The FDA has approved the Oncomine Dx Target Test as a companion diagnostic to identify patients with RET fusion–positive non¬–small lung cancer who are candidates to receive the recently approved targeted therapy pralsetinib.
The FDA has approved the Oncomine Dx Target Test as a companion diagnostic to identify patients with RET fusion–positive non–small lung cancer who are candidates to receive the recently approved targeted therapy pralsetinib (Gavreto), according to Thermo Fisher Scientific, the developer of the test.1
The test previously received regulatory approval in 2017 for biomarkers linked with 3 FDA-approved therapies in NSCLC; it was the first targeted next-generation sequencing (NGS)–based companion diagnostic to be approved for this indication. Now, the diagnostic is the first to obtain FDA approval for a therapy targeting RET fusion–positive NSCLC, according to a press release.
“It is our goal to provide [patients with] cancer globally greater access to highly actionable, NGS-based multi-biomarker testing in important indications like NSCLC as recommended by multiple guidelines. [The] approval underscores this endeavor,” Garret Hampton, president of Clinical Next-Generation Sequencing and Oncology at Thermo Fisher Scientific, stated in a press release. “Our tests are designed to require the least amount of sample of any NGS IVD test on the market, leading to more patients benefiting from the test and put on the right therapy up front.”
The Oncomine Dx Target Test is a qualitative in vitro diagnostic assay that utilizes targeted high-throughput, parallel-sequencing technology to identify sequence variations in 23 genes within DNA and RNA extracted from FFPE tissue samples collected from patients with NSCLC using the Ion PGM Dx System.2
The test features integrated bioinformatic that allows for the production of a results report after the test is performed. Because it is based on AmpliSeq technology, it requires 10 ng per pool, 20 ng total, of nucleic acid. Additionally, the assay is provided as part of a complete kit for workflow.
On September 4, 2020, The FDA approved pralsetinib for the treatment of adult patients with metastatic RET fusion–positive NSCLC based on data from the phase 1/2 ARROW trial (NCT03037385), which showed that the agent led to durable clinical responses in those with this disease who had or had not received prior treatment, irrespective of RET fusion partner or central nervous system involvement.3
Specifically, pralsetinib elicited an overall response rate (ORR) of 57% (95% CI, 46%-68%) and a complete response (CR) rate of 5.7% in 87 participants with NSCLC who had previously received platinum-based chemotherapy. Additionally, the median duration of response (DOR) had not yet been reached with the agent (95% CI, 15.2–not reached). Of 27 treatment-naïve patients, the ORR experienced with pralsetinib was even higher, at 70% (95% CI, 50%-86%) with a CR rate of 11%.
Regarding safety, the adverse effects most commonly experienced by patients who received the treatment included fatigue, constipation, musculoskeletal pain, and increased blood pressure.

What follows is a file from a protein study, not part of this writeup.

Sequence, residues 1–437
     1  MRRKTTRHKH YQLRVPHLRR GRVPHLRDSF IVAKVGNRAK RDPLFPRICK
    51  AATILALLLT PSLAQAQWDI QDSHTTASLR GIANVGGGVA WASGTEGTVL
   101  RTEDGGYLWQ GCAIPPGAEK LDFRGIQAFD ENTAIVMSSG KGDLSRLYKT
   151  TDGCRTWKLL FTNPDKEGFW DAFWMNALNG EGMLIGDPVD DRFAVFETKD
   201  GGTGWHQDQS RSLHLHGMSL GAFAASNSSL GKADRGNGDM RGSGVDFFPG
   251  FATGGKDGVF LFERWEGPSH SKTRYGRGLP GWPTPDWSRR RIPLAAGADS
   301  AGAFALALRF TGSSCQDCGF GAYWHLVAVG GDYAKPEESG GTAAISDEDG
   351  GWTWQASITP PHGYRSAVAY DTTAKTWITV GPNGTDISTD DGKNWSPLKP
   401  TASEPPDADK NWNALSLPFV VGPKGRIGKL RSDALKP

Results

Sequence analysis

In the open-label, first-in-human trial, investigators set out to examine the safety, tolerability, and efficacy of oral pralsetinib in patients with RET fusion–positive NSCLC, RET-mutant medullary thyroid cancer, RET fusion–positive thyroid cancer, and other RET-altered solid tumors.
The trial was comprised of 2 parts: a dose-escalation phase, which has been completed, and an expansion phase in which a total of 400 patients have received the agent at a once-daily dose of 400 mg. The primary end points of the phase 2 portion of the trial include centrally reviewed ORR per RECIST v1.1 criteria and safety.
Results from a basket-study population of all-comers with RET alterations were presented during the 2020 ASCO Virtual Scientific Program.4 This subgroup was comprised of 27 patients; 13 participants had thyroid cancer and 14 had other solid tumors.
In 11 evaluable patients with RET fusion–positive thyroid cancer, the ORR reported with pralsetinib was 91% (95% CI, 59%-100%); this was comprised entirely of partial responses (PRs). One patient had stable disease (SD), translating to a disease control rate was 100% (95% CI, 72%-100%). The ORR was 50% in 12 patients with RET fusion–positive solid tumors (95% CI, 21%-79%); these were all PRs, as well. SD was also achieved by 5 participants, translating to a DCR of 92% (95% CI, 62%-100%). Notably, all responses were observed regardless of fusion partner in heavily pretreated patients.
On the same day that the agent was approved for patients with RET fusion–positive NSCLC, the FDA granted pralsetinib a priority review for the treatment of patients with advanced or metastatic RET fusion–positive thyroid cancer.
The Oncomine Dx Target Test was also approved by Japan’s Ministry of Health, Labour and Welfare (MHLW) as a companion diagnostic for EGFR, ALK, ROS1, and BRAF biomarkers linked with 12 targeted therapies for patients with NSCLC.
Following a CDx agreement that Thermo Fisher signed earlier this year with Chugai Pharmaceutical Co, Ltd, a member of the Roche Group, the MHLW also approved the assay to evaluate patients who could be candidates for treatment with entrectinib (Rozlytrek). The test is approved and reimbursed by government and commercial insurers in the United States, Europe, Japan, South Korea, and Israel.
“As part of our commitment, we remain focused on developing our next-generation companion diagnostic by taking Oncomine Precision Assay and Genexus System through the FDA’s approval process,” Hampton added.